First, I place a call to good ol’ Joe Spanozi to check out John Stevens. While Joe’s doing his thing, I can make a few other phone calls. I call John Stevens, despite the fact that he has an attorney, but get no answer.

It is here I realize I should just get up and go to his attorney’s office, since John would be a good person to depose prior to trial. But that would take time . . . time I don’t have. So I call Birelli instead as he’s before Harrison on the phone directory.

I get Birelli’s answering machine and the opportunity to leave him a message. Let’s look at the options. Victor can either:
  • Tell the truth,
  • Pretend to be from a credit bureau calling about problems with Birelli’s credit report, or
  • Pretend to be John Stevens’ attorney.
So one truth and two lies. Lie number two might be toeing the line between “ethical” and “wrong,” and is clearly shady. But pretending to be someone else’s attorney? I know someone who’d be brought up on ethics complaints if this were ever find out.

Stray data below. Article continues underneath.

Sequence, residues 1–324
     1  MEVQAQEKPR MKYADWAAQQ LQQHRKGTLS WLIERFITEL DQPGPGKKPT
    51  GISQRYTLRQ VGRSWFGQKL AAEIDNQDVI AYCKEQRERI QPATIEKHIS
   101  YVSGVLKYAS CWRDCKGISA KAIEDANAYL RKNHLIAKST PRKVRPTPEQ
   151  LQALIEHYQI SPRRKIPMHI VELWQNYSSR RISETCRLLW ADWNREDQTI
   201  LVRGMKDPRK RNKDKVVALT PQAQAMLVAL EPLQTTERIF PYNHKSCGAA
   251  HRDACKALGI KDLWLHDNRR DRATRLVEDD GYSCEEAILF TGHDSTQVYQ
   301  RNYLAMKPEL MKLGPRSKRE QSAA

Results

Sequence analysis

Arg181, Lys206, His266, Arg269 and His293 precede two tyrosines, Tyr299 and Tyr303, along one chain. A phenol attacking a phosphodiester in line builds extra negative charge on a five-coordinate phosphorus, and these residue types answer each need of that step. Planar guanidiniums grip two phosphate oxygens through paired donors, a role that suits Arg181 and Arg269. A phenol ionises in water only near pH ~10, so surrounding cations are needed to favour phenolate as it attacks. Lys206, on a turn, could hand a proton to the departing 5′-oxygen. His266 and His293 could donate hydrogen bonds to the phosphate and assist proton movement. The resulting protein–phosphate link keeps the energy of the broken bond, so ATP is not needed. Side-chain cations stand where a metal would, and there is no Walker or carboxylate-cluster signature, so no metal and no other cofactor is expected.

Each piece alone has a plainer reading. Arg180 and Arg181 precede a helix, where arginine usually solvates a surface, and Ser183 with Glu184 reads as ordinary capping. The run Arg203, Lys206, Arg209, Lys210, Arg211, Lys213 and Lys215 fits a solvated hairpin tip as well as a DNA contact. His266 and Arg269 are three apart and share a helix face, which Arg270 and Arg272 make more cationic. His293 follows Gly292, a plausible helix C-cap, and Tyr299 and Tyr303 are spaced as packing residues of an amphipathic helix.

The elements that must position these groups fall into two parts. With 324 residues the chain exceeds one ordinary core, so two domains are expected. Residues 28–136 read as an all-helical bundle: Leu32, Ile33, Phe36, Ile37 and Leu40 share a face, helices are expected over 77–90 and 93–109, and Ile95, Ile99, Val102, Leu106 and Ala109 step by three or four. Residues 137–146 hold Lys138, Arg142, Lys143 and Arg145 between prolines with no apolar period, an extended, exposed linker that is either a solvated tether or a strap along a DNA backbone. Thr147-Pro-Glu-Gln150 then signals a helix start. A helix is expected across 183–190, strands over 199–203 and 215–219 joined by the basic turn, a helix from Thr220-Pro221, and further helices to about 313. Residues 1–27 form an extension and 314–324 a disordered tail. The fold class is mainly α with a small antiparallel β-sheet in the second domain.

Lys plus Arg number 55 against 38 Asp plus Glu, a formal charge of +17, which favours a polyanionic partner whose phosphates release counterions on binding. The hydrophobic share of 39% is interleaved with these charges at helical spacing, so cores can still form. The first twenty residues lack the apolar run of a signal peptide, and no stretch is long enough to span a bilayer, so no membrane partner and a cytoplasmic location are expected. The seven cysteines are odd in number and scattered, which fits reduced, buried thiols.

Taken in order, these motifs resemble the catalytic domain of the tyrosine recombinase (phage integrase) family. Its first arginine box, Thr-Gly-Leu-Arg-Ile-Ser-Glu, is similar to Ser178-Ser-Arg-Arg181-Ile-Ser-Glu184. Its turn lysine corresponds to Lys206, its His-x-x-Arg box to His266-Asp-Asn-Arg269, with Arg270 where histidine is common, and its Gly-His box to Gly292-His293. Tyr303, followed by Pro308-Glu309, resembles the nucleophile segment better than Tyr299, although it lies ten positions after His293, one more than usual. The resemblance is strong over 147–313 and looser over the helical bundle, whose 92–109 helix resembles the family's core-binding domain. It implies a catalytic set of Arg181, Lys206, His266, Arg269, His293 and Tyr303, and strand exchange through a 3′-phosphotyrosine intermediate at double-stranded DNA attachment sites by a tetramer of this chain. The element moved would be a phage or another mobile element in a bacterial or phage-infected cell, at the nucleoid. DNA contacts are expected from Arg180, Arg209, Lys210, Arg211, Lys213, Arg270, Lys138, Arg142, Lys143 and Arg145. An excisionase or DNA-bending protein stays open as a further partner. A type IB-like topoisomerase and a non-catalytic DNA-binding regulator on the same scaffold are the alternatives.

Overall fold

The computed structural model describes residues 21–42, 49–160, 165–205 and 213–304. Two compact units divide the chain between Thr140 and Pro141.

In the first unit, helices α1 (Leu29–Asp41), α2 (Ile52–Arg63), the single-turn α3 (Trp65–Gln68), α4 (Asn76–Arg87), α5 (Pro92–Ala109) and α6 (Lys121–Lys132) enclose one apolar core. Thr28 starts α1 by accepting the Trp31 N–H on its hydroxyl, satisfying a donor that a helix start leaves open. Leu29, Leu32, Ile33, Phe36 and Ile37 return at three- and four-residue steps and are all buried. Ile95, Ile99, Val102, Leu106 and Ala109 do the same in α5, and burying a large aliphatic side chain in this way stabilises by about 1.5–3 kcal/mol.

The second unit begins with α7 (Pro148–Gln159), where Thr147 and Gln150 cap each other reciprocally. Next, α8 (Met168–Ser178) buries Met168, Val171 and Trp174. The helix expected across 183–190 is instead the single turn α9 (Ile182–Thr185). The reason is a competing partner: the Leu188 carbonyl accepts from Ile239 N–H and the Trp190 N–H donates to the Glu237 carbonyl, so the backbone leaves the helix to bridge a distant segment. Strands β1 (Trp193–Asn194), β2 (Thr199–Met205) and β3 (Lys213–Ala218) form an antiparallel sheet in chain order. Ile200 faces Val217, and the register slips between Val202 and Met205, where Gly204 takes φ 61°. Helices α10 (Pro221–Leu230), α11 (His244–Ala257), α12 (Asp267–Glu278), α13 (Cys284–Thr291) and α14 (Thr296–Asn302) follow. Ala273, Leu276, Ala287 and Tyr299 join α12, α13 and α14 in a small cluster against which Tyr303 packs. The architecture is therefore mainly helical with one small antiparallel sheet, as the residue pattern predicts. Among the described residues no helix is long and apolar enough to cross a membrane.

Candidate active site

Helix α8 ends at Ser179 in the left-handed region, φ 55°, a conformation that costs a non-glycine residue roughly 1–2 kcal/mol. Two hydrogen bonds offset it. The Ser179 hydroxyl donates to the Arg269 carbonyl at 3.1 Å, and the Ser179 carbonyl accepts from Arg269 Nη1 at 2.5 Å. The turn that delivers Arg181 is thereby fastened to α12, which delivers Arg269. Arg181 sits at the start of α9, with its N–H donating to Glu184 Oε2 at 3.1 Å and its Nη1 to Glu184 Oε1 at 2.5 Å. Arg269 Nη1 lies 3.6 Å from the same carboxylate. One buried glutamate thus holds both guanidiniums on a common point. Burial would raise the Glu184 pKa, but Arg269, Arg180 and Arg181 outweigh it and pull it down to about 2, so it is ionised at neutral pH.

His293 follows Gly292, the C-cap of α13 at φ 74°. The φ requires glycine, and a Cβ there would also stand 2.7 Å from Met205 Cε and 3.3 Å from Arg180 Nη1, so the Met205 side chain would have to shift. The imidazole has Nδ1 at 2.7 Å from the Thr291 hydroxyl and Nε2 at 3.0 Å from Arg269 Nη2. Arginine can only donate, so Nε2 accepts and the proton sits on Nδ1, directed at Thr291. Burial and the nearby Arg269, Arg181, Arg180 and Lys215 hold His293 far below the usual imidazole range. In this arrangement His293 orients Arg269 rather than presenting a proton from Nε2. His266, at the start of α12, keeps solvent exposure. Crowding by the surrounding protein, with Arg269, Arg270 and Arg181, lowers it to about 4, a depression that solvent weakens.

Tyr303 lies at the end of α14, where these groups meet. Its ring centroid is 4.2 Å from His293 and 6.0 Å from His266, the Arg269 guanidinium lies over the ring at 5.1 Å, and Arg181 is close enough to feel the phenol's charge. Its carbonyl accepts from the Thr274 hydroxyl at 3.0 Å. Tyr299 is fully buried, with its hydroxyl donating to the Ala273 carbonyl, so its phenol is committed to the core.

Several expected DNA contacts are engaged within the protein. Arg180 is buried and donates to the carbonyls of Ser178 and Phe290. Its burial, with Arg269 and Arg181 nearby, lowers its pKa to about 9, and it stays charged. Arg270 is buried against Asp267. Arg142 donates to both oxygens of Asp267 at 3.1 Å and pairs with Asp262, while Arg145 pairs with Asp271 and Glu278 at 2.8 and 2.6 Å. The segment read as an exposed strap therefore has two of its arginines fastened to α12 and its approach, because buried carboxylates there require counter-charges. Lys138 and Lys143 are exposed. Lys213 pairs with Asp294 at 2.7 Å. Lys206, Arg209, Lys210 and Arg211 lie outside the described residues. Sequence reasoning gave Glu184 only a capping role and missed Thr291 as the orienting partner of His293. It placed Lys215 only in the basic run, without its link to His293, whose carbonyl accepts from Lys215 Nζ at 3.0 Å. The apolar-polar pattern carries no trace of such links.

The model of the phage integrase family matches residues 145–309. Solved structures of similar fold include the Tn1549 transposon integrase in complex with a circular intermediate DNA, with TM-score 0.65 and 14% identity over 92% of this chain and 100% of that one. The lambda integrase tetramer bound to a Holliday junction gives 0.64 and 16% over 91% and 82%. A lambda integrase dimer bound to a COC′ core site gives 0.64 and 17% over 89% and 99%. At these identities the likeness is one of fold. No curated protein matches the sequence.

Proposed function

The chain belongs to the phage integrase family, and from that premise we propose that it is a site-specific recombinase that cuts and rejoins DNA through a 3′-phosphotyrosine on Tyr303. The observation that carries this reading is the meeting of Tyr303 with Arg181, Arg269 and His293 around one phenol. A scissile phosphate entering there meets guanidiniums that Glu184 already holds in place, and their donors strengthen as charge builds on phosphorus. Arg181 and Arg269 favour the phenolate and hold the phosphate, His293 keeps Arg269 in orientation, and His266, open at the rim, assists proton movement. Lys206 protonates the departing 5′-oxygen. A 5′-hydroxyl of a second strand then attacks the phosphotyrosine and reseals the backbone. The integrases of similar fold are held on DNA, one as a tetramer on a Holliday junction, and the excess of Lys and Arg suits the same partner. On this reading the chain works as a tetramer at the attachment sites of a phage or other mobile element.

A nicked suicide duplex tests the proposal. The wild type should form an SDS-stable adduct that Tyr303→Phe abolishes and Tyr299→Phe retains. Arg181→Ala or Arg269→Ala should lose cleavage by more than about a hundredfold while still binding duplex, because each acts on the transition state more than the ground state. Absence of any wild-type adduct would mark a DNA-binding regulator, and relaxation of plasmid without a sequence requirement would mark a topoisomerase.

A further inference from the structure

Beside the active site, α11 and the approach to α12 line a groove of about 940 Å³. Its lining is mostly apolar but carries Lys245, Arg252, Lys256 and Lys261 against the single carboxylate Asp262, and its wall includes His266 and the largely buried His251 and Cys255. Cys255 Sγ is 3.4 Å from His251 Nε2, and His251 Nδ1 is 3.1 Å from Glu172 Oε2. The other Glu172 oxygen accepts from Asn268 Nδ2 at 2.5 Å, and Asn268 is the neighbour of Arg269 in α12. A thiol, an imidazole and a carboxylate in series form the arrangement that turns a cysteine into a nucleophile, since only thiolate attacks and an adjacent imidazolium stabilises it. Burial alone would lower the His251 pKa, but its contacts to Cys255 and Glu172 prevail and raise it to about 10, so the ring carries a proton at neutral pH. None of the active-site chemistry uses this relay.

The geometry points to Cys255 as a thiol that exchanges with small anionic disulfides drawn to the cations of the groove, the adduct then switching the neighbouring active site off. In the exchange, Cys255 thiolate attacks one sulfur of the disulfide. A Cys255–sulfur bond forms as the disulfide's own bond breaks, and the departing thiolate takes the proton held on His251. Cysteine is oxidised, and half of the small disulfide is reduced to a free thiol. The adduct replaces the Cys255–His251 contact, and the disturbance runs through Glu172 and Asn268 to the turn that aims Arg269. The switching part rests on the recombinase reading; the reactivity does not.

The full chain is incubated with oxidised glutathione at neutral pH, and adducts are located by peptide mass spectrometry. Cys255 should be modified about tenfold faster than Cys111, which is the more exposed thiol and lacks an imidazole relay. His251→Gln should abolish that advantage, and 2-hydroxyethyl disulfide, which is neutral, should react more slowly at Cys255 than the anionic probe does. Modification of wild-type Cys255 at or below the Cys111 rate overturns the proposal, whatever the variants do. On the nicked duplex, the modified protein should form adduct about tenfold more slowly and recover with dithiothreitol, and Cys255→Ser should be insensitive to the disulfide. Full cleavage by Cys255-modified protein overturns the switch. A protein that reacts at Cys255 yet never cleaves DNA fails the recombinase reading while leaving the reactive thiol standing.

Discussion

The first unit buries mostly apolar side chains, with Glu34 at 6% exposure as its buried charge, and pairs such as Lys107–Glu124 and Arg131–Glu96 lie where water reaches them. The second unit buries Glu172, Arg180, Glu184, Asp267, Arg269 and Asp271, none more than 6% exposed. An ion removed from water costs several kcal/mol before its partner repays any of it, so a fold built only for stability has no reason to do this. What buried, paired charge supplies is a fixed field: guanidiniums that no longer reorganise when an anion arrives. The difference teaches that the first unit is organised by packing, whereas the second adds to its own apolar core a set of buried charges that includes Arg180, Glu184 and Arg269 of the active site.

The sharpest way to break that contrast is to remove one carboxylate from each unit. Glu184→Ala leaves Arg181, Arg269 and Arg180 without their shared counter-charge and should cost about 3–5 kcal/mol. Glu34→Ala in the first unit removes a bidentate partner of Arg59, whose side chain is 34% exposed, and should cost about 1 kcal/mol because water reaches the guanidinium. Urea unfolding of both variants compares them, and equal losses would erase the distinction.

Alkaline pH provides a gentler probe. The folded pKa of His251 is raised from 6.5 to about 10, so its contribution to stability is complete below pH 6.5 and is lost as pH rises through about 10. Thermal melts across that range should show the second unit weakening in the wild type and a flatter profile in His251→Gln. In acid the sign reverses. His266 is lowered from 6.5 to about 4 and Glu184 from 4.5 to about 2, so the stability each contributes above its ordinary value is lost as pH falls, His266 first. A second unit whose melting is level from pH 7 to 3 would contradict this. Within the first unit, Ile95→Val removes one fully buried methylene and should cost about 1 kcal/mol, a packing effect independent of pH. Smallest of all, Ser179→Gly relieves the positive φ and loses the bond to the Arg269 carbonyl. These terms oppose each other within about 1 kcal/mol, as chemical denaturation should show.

So I do the right thing and choose option one, not wanting to deep six my client’s case for something stupid like, you know, violating the standards of professional conduct.

Seirously! Lawyers have ethics rules! I told you to stop laughing!

Next, I call Harrison. He’s very unhelpful and rude, and refuses to divulge any information about John’s assets. He also makes a snide comment about lawyers’ lack of ethics.

Man . . . just because something is true doesn’t mean you’ve got to harp on it all the time.

There are a number of options to try with Harrison, and none of them work. Stymied, I then get a call back from Joe with the scoop on John Stevens:

So Johnny Boy is having an affair with someone I don’t have the phone number for, and is involved with money-laundering, drugs, and guns. Now, sure, he was an “honest investment broker” at one time. But he’s clearly turned to the dark side. Things are getting interesting.

Now seems like a good time to talk to my colleagues. Arnie just says to “follow the money,” but Grace has an interesting bit of information about the ill-mannered Mr. Harrison.

Turns out that Harrison’s a sleazeball trying to pass himself off as an upstanding citizen. Kind of hard to do with ties to organized crime, but America is the land of opportunity, don’t you know.

Doug tips Victor off that there are “questions” about John Stevens’ methods, and that the guy’s a “piranha.” “Sgt. Barton of the LAPD might know more.

Lastly, Leland McKenzie advises Victor to look into the community property issue, letting him know the important bit of information that Utah is not a community property state.